( File photo )

The Food and Agriculture Organization of the United Nations has stepped forward to fight the spread of Tropical Race 4 (TR4) strain of fusarium wilt in Latin American and Caribbean banana-growing regions.

The UN group has started an emergency project under its Technical Cooperation Program to help countries in those regions fight the spread of the devastating fungal plant disease, according to a news release.

The Tropical Race 4 strain affects the production of many varieties of plantains and bananas, including cavendish, which the FAO said makes up about half of global banana production. While not harmful to human health, the disease can result in 100% yield loss, according to the release.

TR4 was recently detected for the first time in Colombia, where 430 acres of banana farms have now been put under quarantine by the Instituto Colombiano Agropecuario.

The release said nearby Ecuador is the world’s largest banana exporter, while Colombia, Costa Rica, and Guatemala are also major producers. Spread of the disease could result in crippling losses for farmers and their families, the FAO said.

Bananas have a huge role in providing food and household income in the region, Julio Berdegué, FAO assistant director-general and regional representative for Latin America and the Caribbean, said in the release. “In several countries, this crop has national economic importance, as it is a major export,” he said. “Together, we can curb the spread of this devastating disease, and protect livelihoods.”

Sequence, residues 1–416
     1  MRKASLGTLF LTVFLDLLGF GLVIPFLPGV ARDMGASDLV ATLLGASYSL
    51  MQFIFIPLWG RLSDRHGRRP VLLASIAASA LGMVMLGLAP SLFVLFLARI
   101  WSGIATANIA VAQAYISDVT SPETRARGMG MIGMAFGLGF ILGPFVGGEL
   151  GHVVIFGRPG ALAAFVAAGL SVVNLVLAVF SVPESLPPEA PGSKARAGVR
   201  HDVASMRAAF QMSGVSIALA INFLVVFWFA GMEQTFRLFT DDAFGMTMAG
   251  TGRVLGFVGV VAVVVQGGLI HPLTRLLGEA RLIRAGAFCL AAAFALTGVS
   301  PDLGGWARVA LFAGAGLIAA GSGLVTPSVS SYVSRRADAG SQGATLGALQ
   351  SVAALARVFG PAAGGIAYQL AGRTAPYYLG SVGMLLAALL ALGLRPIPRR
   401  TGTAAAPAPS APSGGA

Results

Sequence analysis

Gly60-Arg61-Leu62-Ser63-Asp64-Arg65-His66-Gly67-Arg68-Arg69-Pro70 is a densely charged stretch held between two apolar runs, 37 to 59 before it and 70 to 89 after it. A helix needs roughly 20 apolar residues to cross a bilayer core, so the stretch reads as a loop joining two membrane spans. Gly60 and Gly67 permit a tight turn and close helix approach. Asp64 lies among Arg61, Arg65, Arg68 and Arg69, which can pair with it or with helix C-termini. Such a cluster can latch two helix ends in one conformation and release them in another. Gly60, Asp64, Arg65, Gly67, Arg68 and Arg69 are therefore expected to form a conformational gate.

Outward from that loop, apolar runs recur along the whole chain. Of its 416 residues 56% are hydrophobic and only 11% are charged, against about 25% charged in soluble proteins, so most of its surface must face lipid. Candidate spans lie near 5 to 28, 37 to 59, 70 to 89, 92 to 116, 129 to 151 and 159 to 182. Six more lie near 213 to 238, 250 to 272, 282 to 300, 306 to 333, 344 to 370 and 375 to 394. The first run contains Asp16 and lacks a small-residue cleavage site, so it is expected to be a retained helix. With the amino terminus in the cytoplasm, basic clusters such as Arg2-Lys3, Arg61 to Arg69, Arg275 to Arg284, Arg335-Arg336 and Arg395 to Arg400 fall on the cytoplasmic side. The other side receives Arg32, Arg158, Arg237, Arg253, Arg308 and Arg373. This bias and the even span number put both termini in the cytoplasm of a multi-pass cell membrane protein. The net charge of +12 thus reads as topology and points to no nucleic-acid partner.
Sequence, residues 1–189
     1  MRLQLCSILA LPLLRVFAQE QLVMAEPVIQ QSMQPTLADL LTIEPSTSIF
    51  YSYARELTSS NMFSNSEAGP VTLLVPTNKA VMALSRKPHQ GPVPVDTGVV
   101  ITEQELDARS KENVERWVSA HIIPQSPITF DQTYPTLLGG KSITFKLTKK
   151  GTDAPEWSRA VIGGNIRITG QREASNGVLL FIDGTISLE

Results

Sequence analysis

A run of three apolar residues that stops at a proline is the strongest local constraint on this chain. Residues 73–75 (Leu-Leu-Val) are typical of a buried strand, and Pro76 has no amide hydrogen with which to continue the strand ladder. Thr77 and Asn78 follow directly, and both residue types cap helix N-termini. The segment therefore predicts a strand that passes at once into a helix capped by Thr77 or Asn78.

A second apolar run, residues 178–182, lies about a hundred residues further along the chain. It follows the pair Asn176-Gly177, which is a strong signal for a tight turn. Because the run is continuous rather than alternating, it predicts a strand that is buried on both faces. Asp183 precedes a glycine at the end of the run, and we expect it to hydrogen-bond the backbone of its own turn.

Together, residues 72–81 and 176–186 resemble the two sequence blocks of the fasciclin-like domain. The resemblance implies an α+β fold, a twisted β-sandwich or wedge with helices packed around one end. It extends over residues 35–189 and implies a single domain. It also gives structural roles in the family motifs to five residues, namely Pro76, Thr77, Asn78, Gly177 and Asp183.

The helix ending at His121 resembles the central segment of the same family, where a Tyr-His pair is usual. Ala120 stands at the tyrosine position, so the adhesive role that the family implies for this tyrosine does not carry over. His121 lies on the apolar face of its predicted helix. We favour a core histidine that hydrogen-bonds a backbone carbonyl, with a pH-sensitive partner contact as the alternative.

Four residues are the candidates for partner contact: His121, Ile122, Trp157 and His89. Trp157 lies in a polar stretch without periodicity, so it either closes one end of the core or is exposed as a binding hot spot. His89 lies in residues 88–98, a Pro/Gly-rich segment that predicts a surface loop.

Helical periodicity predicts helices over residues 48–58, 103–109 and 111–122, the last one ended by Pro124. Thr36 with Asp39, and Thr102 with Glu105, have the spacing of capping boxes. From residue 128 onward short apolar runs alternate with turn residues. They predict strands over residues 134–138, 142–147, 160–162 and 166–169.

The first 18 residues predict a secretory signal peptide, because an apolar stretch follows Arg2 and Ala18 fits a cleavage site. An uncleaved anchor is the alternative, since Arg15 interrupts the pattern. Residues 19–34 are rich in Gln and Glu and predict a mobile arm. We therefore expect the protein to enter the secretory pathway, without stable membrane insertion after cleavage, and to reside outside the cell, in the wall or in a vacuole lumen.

The FAO emergency project will assist countries in developing regional and national action plans to fight the disease and monitor and contain outbreaks when they occur.

“National governments, like those of Ecuador and Colombia, are providing active and intelligent leadership, and we are solidly behind them,” Berdegué said in the release.

TR4 can be transmitted through movement of infested planting materials, contaminated soil, water or other physical means such as shoes, tools, and tires, according to the release. Once established, the pathogen can remain in the soil for decades, with no way to eradicate it completely.

“Countries must be vigilant in monitoring and containing any TR4 cases,” Hans Dreyer, director of FAO’s Plant Production and Protection Division, said in the release. “Only strict observation of phytosanitary measures can prevent the disease from spreading.”

The FAO said diversification, soil health and better use of available genetic resources are key to building resilience to the disease over the long term. 

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